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The study contains selected results of Delphi research (subjective judgements concerning the future on a collective expert basis) on international migration between Central/Eastern (C/EEc) and Western European countries. Taking part in the research were 109 scholars and officers (70 in the first Delphi round and 39 in the second round) from all over Europe – mainly sociologists, economists, geographers and demographers dealing with the topic of migration.

Results indicate growing problems and tensions in societies, the division of Europe into two parts, and the triggering rather than pacifying of further antagonisms and hostile anti-immigrant attitudes on the Western side. As predicted, it seems that the West will further try to curb immigration by applying tighter restrictive measures. Regarding competition between Eastern Europeans and Third World immigrants in Western Europe, the preferred opinion is that “the C/EE immigrants will not significantly affect the activities of the Third World immigrants in the West because they will attempt to gain posts/jobs at higher levels of the social ladder.”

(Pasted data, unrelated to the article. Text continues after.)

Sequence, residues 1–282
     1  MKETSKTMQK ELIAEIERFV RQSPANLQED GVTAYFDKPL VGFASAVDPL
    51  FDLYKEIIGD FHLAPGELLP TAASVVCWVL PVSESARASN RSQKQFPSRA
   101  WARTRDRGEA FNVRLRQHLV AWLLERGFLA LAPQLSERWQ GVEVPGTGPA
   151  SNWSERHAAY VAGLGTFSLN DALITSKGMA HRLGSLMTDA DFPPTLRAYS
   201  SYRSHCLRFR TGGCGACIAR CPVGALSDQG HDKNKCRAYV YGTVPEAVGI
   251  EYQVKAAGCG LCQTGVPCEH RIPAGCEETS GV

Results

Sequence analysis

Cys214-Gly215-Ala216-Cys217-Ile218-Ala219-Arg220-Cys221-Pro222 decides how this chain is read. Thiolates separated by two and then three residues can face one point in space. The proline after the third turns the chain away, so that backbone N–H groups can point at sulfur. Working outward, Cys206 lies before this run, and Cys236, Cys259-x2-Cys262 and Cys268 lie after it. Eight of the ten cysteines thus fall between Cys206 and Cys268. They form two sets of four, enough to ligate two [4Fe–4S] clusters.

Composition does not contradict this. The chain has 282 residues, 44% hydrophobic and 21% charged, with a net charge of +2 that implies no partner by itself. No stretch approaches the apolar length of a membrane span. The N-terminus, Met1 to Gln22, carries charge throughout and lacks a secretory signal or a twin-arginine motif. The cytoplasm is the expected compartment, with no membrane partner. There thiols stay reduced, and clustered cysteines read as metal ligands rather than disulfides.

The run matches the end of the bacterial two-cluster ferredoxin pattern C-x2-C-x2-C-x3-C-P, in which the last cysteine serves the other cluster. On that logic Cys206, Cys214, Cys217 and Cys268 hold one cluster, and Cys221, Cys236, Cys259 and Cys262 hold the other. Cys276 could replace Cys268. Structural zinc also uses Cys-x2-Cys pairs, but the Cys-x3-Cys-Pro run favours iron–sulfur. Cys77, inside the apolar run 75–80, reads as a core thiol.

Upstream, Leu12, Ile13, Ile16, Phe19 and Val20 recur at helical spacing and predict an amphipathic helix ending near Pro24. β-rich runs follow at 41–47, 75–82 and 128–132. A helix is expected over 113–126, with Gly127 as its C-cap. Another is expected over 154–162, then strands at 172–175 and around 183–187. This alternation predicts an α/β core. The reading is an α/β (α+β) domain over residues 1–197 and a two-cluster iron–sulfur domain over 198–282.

Concerning policy objectives, the two most important general aims were how to contribute to migration stabilization in the East, and how to maintain and further develop stable democratic order and promote economic development.

Policy objectives devoted to specific migration issues indicate that more international cooperation, more information and more democracy/tolerance is necessary. Shared objectives should be: (1) to intensify mutual contacts; (2) disseminate information on rules and regulations regarding international migration as well as to tackle the issue of harmonizing the given migration controlling systems and statistics within Europe; and (3) provide further support for temporary labour contracts for Eastern professionals and manual workers in the West.